February is Black History Month, a time to reflect on the ways Black people have shaped our world for the better, despite the relentless onslaught of racism they continue to face and have faced for hundreds of years. Black sex workers are no exception, leading intersectional movements for justice, smashing injustice and the patriarchy – and looking good while doing it!
In a previous column, I talked about how sex workers are culture makers, but aren’t given the respect they deserve. I’d like to elaborate on that today, and talk about how this affects Black sex workers specifically.
Do you like twerking and bounce music? You can thank Black sex workers for both. Twerking is a type of dance that involves intense booty shaking, and is historically attributed to Josephine Baker, an African American dance and civil rights activist. Bounce is a type of New Orleans hip hop. The popularity of both was cemented first in New Orleans, followed by Atlanta’s Black strip clubs, which brought twerking and bounce music into the mainstream.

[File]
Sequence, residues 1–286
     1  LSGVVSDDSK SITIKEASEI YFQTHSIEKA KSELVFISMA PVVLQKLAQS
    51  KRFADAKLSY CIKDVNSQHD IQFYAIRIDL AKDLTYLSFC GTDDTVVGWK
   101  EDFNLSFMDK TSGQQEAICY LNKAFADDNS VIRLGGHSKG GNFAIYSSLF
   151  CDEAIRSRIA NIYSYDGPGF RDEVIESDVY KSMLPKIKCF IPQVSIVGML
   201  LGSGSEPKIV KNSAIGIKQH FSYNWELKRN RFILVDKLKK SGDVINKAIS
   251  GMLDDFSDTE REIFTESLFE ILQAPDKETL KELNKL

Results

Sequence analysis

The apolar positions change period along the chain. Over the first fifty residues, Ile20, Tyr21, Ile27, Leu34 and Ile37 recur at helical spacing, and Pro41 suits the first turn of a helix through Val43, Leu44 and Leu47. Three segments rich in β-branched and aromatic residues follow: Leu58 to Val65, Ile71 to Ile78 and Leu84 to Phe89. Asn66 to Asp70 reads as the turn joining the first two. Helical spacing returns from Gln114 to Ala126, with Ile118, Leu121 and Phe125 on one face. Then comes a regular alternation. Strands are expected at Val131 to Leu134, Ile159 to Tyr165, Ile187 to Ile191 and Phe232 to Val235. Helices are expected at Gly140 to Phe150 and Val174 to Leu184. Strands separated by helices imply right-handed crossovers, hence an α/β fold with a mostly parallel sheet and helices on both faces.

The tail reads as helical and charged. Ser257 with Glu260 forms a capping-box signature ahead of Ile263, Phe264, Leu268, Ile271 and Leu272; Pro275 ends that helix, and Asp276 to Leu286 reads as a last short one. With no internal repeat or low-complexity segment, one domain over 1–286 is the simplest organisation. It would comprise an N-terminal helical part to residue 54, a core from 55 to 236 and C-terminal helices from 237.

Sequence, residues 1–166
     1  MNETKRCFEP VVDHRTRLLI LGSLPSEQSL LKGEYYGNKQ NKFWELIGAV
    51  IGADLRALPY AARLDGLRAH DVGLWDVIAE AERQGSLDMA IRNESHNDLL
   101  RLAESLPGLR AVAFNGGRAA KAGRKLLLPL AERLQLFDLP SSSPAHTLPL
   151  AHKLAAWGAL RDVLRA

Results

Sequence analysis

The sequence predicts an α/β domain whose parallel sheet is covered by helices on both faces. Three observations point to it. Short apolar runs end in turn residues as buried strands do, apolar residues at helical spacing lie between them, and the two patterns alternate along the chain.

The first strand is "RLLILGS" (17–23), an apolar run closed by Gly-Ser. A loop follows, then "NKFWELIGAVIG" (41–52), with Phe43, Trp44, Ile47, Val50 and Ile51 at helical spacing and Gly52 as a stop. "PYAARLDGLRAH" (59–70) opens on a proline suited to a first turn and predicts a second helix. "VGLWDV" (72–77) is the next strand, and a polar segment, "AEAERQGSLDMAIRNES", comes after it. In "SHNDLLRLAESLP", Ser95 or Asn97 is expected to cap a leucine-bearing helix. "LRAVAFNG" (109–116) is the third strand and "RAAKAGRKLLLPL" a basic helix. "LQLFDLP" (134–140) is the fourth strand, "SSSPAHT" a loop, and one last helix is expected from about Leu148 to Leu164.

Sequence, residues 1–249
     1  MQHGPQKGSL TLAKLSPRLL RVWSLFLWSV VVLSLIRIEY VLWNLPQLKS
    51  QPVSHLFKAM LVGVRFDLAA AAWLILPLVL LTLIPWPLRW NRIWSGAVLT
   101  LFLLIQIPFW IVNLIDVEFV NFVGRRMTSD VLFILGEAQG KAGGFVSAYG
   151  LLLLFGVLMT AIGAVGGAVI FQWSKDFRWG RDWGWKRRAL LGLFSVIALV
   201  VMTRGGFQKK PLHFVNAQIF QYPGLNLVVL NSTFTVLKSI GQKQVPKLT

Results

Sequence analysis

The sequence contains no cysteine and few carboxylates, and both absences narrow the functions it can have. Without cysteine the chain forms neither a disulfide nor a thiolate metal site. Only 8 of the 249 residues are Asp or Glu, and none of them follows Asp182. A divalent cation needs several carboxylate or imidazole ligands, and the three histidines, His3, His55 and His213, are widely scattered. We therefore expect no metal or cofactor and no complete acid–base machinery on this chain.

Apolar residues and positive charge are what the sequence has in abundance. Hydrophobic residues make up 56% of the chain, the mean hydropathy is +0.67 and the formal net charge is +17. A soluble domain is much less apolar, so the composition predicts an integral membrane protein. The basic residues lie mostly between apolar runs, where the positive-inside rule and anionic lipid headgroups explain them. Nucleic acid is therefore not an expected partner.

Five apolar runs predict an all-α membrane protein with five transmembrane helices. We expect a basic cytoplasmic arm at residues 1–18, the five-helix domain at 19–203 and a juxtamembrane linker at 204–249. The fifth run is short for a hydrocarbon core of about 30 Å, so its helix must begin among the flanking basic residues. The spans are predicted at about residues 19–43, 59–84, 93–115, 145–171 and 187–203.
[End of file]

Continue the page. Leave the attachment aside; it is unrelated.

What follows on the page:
Do you like to listen to City Girls, Cardi B, Meegan the Stallion and other Black female rappers? You can thank the Black (former) sex workers who made it. And yet many strip clubs ban their music, for fear that it will bring in “the wrong type of crowd,” and because of racial quotas on the amount of Black women that can work any given shift.
Black women are also disadvantaged by strip club owners and management, massage parlours and escort agency owners for having the natural beauty that the likes of Kim Kardashian and company co-opted and paid good money for. White women in the sex industry, and society more broadly, are rewarded for being tanned, having big booties, whether through working out or surgery, and having full lips. Meanwhile, many Black women feel pressured to use lighter foundation, hide their curves, and wear more Eurocentric hairstyles in hopes of keeping their jobs and generally being more “marketable” both in and out of the sex industry.